How a Hacker Made Diana Nyad the Best Marathon Swimmer of the 1970s

Last year, a vandal damaged thousands of Openwaterpedia pages to divert attention away from the sabotage of fifteen specific entries. Once the smoke cleared, Diana Nyad could reasonably claim to be one of the best marathon swimmers of the 1970s.

I became, in the 1970s, the best ocean swimmer in the world. I held every major record on planet earth, out in the open sea.
—Diana Nyad, 7 Oct 2019

While compiling a list of the real best ocean swimmers of the decade, I headed over to Openwaterpedia — “the Wikipedia for the open water swimming world” — looking for more data about listees. I began with Lynne Cox and Tina Bischoff. Cox set English Channel records in 1972 and ’73, Bischoff in ’76. But something was off with their Openwaterpedia entries: they showed Cox and Bischoff swimming the English Channel in the sixties. As a matter of fact, their entries showed neither of them completing a single swim in the 1970s.
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Treasures from the ISHOF Archives and Beyond

Diana Nyad’s fraud flourishes in large part because of the inaccessibility of marathon swimming data. Information about her five years on the pro swimming tour has been particularly hard to find. To try to remedy that, last summer I began working with Malaika Desrameaux, a freelance researcher from South Florida.  Malaika combed through the archives of the International Swimming Hall of Fame, finding more and better material than I could have ever imagined. It was she who unearthed the World Professional Marathon Swimming (WPMSF) bulletins that made it possible to gather much of Nyad’s race information.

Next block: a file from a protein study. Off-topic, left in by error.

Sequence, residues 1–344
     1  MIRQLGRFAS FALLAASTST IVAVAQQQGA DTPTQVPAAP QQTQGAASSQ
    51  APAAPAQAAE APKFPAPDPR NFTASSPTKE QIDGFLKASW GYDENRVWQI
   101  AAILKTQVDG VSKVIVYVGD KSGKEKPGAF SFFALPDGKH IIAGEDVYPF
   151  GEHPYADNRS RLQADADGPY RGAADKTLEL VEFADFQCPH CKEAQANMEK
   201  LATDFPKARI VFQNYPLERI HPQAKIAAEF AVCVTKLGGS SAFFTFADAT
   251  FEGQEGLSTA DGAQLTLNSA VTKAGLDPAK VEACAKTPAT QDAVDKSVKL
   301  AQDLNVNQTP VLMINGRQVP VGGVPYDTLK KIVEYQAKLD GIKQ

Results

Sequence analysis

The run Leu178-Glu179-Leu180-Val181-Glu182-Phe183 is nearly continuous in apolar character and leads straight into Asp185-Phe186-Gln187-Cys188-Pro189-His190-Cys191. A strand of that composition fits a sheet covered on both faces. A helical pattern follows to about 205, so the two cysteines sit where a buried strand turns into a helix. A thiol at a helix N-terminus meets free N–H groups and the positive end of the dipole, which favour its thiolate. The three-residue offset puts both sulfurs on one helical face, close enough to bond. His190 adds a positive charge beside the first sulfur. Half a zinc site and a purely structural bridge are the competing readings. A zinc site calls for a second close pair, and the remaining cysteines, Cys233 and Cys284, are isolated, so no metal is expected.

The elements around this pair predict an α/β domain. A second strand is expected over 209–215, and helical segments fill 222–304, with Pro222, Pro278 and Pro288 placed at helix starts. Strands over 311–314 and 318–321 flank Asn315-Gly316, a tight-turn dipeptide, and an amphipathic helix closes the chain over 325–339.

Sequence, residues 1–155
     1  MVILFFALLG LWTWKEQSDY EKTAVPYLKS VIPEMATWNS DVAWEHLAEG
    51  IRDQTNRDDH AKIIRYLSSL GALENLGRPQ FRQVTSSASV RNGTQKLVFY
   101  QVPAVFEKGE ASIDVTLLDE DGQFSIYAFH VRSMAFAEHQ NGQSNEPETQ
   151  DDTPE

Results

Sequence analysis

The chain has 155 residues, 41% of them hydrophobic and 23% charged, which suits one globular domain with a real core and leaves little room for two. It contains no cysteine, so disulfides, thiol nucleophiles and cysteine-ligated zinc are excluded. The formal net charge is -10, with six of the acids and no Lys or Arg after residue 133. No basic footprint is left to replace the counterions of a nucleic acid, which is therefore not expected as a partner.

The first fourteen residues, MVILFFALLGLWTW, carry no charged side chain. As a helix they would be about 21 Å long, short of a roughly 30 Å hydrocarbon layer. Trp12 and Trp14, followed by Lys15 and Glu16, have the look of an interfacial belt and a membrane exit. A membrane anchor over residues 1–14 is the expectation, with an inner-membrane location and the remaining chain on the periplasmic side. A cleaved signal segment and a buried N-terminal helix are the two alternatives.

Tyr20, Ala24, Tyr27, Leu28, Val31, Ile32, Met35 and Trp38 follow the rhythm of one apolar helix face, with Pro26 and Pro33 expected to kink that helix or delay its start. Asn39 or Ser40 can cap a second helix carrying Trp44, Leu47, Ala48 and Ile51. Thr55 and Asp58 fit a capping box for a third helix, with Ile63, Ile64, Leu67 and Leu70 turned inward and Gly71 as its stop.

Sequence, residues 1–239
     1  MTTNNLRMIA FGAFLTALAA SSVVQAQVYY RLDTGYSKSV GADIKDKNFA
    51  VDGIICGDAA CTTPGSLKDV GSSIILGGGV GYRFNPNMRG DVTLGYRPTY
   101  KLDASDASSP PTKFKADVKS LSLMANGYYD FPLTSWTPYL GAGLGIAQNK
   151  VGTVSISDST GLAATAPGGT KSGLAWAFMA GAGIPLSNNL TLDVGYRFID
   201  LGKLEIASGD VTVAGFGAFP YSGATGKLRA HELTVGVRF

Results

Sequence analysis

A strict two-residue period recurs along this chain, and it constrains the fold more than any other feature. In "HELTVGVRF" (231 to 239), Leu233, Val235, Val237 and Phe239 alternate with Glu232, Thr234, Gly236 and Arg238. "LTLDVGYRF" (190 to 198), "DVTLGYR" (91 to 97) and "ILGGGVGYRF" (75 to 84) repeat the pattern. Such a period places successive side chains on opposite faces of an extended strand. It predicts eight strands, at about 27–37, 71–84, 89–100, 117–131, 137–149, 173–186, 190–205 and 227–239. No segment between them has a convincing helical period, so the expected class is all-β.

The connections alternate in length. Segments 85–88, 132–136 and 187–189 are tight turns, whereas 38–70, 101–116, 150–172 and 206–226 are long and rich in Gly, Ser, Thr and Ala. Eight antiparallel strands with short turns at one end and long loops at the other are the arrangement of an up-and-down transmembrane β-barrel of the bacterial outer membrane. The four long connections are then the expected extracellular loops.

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Diana Nyad Spills at Bold Missy Brewery

The Bold Missy Brewery of Charlotte, North Carolina, created a beer to honor Diana Nyad. Something is wrong with this pitcher.

At Bold Missy, they name their brews for inspiring women. Right now, they’ll pour you beers that honor astronaut Sally Ride, sharpshooter Annie Oakley, aviator Amelia Earhart, and mountaineer/explorer Alison Levine.

And they recently added a new one for Diana Nyad:

Later on, I’ll suggest a few alternatives to Find a Way Wheat. First, though, I want to point out some highs and lows from Nyad’s recent appearance with Levine at Bold Missy. The highs all came, by the way, via Levine, whose integrity and authenticity provided an uplifting counterpoint to Nyad’s narcissism and deceit.
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Extraordinary Proof: David Walsh, Lance, and Diana

From the moment Lance Armstrong began his post-cancer comeback, journalist David Walsh knew something wasn’t right. In 2016, he condensed his twelve-year pursuit of Armstrong into a 20-minute story for The Moth. He inadvertently tells Diana’s story too.